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Work expands to fill the time available for its completion


“Work expands to fill the time available for its completion”- you probably heard this proverb from the famous Parkinson’s Law. This is an interesting statement made by Parkinson, the famous British historian and author in 1955.  Parkinson was highly qualified to make such a statement, having worked for the British Civil Service, looking at how the industry ticks.

An organization by itself is a product of our culture, which is thanks to the restricted belied that working a lot more is better than working smarter and faster. Parkinson’s Law “
Work expands to fill the time available for its completion” means if you are given a 2 hour task within a week, then the task will increase in difficulty and become a lot more challenging so as to fill that week.

It may not fill the extra time with work, but will cause stress and tension about getting it done. By distributing the right amount of time to the task, we gain a lot more time and the assigned task will be reduced in complexity to its natural state.

There was an answer to Parkinson’s Law suggesting that if it were a perfect observation, one could assign a time limit of a about a minute to the task and the it would be simple to complete within a minute. The law is an observation and not magic.

It works as people give tasks a lot longer than needed, sometimes it is due to some leg room or buffer but very often they have an approximate idea as to how long the task will take to complete. People are very often not aware of how fast certain tasks can be completed unit they test the principle.

Most employees go against the unwritten rule of work harder, not smarter, know that contrary to the greater return on investment, it is not always appreciated.  It is linked to the idea that the longer certain things take to complete, the better quality it should inherently be. The rise of telecommuted employment has changed it for those early adopters but only since employers have no idea what has to be done with their spare time.

Let us look at a couple of ways of how you can apply the Parkinson’s law to your life, get a to do list checked off fast and spend less time working on filling in time to look busy. It is appropriate whether you work at home or at an office, since work harder, not smarter is a cultural idea that several people fall prey to even when no one is supervising their work.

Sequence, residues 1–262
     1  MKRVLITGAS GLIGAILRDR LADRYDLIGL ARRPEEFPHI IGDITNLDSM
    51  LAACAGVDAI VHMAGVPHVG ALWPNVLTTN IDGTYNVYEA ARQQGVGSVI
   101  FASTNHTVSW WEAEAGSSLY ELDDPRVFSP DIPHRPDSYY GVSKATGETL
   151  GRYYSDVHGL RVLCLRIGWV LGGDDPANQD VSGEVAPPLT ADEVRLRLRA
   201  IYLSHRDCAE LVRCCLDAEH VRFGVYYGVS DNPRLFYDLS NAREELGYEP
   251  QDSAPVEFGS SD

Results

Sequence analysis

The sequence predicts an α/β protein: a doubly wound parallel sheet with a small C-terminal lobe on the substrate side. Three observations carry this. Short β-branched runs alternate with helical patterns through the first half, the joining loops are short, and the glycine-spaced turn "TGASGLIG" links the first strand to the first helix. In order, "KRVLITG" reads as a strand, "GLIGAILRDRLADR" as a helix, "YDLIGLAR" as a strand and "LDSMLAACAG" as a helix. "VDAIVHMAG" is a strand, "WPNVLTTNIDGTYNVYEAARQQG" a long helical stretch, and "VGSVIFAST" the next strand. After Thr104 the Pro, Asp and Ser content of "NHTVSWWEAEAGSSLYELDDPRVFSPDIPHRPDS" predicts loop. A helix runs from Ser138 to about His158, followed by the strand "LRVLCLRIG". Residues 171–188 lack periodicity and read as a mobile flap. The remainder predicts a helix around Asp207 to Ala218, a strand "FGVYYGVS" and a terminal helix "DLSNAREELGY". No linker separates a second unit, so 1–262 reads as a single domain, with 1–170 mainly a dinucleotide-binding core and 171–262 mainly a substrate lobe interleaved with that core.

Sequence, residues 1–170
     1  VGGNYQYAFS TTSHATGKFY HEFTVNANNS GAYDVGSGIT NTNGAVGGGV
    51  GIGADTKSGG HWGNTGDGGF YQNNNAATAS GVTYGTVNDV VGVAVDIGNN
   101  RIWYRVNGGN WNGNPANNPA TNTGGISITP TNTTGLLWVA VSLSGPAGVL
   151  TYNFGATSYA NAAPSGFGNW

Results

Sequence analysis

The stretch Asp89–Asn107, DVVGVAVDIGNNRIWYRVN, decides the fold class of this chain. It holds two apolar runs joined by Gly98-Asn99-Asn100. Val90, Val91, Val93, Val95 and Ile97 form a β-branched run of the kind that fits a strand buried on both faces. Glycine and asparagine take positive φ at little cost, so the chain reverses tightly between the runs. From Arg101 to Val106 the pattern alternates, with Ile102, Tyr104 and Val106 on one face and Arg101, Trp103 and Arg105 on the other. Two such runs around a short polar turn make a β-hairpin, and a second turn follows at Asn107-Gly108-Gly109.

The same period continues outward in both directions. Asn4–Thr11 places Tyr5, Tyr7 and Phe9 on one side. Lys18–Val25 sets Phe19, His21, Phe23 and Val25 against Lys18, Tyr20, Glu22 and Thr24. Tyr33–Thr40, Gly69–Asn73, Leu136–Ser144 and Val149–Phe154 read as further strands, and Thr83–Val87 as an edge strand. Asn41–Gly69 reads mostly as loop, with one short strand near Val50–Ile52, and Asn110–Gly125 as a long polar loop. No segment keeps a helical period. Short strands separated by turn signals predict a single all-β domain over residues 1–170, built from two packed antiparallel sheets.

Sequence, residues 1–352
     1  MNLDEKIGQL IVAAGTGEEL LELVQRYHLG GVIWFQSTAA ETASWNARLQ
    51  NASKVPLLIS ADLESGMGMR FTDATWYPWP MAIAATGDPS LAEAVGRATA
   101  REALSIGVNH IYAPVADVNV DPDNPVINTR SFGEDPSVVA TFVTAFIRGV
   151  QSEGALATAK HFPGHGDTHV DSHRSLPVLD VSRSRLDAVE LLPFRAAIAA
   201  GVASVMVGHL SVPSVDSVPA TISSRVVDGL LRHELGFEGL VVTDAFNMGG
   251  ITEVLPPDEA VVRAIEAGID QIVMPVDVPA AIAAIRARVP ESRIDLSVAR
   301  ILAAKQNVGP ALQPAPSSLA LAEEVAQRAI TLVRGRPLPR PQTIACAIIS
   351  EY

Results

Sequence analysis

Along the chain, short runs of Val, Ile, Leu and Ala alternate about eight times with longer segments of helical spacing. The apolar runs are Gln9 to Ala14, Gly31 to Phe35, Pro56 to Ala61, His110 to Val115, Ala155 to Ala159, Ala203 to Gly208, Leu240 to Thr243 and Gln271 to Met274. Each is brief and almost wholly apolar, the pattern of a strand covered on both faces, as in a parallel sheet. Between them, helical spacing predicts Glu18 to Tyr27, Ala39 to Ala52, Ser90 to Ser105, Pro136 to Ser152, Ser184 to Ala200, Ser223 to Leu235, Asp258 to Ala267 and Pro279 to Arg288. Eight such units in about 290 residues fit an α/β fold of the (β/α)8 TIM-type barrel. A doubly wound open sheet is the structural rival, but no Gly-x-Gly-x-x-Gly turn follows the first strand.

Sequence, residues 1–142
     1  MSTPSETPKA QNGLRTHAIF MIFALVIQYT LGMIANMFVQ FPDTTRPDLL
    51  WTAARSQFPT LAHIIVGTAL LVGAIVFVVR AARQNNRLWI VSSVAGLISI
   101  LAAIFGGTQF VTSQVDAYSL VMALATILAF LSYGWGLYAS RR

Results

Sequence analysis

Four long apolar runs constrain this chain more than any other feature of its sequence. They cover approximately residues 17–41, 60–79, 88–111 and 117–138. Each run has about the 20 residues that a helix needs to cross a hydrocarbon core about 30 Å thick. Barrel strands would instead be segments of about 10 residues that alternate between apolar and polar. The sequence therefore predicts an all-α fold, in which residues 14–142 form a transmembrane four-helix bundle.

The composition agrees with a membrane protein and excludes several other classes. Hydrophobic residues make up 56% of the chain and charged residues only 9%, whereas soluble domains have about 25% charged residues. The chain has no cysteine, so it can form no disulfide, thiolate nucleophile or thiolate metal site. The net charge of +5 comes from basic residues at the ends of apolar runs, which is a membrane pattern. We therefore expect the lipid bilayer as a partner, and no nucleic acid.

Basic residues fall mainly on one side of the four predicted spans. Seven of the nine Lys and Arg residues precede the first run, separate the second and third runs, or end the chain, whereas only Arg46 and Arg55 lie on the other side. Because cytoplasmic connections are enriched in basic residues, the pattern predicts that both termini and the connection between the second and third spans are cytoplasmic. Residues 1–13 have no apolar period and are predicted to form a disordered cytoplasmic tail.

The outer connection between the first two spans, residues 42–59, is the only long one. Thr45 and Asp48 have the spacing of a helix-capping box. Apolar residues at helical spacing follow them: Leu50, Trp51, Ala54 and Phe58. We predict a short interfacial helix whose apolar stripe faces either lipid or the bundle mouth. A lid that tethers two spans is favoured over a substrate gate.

Running against time

Make a list of all the things you have to do and divide them accordingly.  Then give yourself half the time to complete every task. You have to know that restricting the time limit as important. Treat like a deadline. A portion of reversing what we have ingrained is to see the deadlines as unbreakable just like the deadlines given by your boss or clients.

Use the human instinctual longing for competition to make it work for you.   You have to win against time, work to beat it as if it were your competition, without any shortcuts and creating low quality output.  It is helpful if you are having problems taking your own set deadline seriously.

In the initial stages, it will be an exercise in deciding how accurate you’re set times for tasks are. Most will be spot on and most could be inflated.  Those that are spot on could be the ones that you may not be able to bear the clock with when you have the time allotment, so the experiment takes times.  Don’t go back to the time allotted initially as there could be an optimum period in the middle.

If you work on a computer, a digital timer will be useful when you start doing it. It could help save time as a time will let you look at it to see how much longer you have.

 

Destroy the Cockroaches of the Productivity world

Look at the little time fillers, like email and feed reading, they could take a couple of minutes. These are the so called cockroaches of the productivity world- little insects that do nothing but make your life a living hell that you can’t seem to get rid of no matter how many times you run around the house with  a shoe or bug spray.

Instead of checking a 20-30 minute email check, you should give yourself 5 minutes. If you can challenge yourself further then give yourself at least 2 minutes. Don’t give these tasks a lot of attention until you have finished whatever there was on your do list for the day, at which point you can read your emails, social networking and feed reading to your heart’s content.

There will be assignments where a small percentage of what you will do is important the rest will be useless.  It will force you to tend to the tasks that are important- it will give you the need to read to improve in your work and emails that are very important. Experiment with how far you can take it. Make your criteria for what makes an email essential, strict and punishments harsh. It means using the delete button, which doesn’t mean using violence against your colleagues.

You can play around with the Parkinson’s Law and squash all the deadlines down to the basic minimum in several areas of your life.






Author

Nupur Luthra



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